"I have said publicly that I would not personally lead my church to hire a female pastor, would not be a member of a church where the senior pastor was female, and I have no problem personally with the BFM 2000* on this issue. However, I am honest enough to say that my discomfort is personal and cultural — and not Biblical." (Wade Burleson)
"I certainly respect your feelings of personal and cultural discomfort. I have some things that make me personally uncomfortable as well. But, that being said, if we realize it is just that personal discomfort, don’t we have some obligation to change our comfort zone? Some have made comparisons of the female pastor issue to both slavery and segregation. What if we inserted those into the statement — 'My discomfort (with ending slavery) is personal and cultural — and not Biblical' or 'My discomfort (with integration) is personal and cultural — and not Biblical'?" (R. L. Vaughn)
Wade Burleson wrote the above comment in a blog thread called Who Should 'Have Authority Over a Man'. Burleson is representative of what some people think on the issue. Others believe that having or not having female pastors is a Biblical rather than a personal & cultural issue. In several blogs I've read online, folks have compared the female pastor issue with past issues like slavery and segregation. Wade Burleson himself made the comparsion in the thread from which I am quoting. My point is that one can't have it both ways. If you want to compare keeping women from being pastors to keeping slaves, then perhaps you should react the same way to both. Wouldn't that be consistent?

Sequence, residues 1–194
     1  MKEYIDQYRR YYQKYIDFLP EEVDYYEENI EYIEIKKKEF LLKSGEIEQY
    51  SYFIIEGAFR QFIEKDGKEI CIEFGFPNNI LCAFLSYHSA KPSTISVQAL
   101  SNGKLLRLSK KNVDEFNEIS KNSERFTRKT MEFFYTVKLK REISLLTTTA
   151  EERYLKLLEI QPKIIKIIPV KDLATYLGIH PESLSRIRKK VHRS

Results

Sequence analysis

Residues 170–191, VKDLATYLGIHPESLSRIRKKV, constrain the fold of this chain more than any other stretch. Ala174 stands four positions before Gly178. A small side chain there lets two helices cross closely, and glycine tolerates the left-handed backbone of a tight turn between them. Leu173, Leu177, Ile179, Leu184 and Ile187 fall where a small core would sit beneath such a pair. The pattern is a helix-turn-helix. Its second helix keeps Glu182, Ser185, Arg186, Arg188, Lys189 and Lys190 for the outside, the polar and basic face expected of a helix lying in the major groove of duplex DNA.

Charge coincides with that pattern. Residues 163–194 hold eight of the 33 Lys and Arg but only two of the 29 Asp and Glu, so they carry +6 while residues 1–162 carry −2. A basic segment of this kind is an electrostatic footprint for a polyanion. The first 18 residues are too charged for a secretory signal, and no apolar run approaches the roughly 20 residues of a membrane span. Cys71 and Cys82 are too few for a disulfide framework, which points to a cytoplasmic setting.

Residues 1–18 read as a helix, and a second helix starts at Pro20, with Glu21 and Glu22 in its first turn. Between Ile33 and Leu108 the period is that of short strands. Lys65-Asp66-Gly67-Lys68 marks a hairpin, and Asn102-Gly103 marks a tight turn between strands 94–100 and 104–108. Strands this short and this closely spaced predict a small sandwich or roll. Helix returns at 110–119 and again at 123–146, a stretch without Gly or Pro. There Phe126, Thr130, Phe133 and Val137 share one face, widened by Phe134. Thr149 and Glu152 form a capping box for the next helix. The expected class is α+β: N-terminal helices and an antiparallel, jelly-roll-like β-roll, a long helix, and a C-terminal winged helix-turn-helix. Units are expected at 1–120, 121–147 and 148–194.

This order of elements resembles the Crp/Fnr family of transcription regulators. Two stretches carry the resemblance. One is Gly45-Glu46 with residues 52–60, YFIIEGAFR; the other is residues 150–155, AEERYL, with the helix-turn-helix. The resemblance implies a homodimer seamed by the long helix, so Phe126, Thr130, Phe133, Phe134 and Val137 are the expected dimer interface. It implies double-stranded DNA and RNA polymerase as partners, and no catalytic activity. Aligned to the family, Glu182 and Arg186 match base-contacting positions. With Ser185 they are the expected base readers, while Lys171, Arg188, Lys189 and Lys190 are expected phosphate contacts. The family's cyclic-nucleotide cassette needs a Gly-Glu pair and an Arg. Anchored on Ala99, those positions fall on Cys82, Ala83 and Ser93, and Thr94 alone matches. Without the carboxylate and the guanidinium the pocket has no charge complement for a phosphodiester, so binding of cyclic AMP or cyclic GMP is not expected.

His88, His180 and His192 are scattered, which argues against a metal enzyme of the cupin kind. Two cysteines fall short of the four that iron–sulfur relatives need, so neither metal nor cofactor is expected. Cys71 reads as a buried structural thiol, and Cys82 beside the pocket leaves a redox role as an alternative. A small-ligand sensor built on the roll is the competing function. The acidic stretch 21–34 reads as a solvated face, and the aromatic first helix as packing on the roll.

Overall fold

Do you view this as a personal and/or cultural issue? Is it a matter of indifference on which a Christian or church may come down on either side and still be OK?
* BFM 2000 is the year 2000 version of the SBC's Baptist Faith and Message doctrinal statement.
Update: In his blog post A Call for Intellectual Honesty and Consistency (Wed 5 Sept), Wade Burleson references my post. I am providing you a link in order that he may speak to you for himself on the issue of female pastors, slavery, etc. Though Bro. Burleson and I don't agree on the female pastors issue, we seem to agree on the need for consistency. Plain talk on the subject may also be found in Bart Barber's The Pernicious Evil of Mere Preference.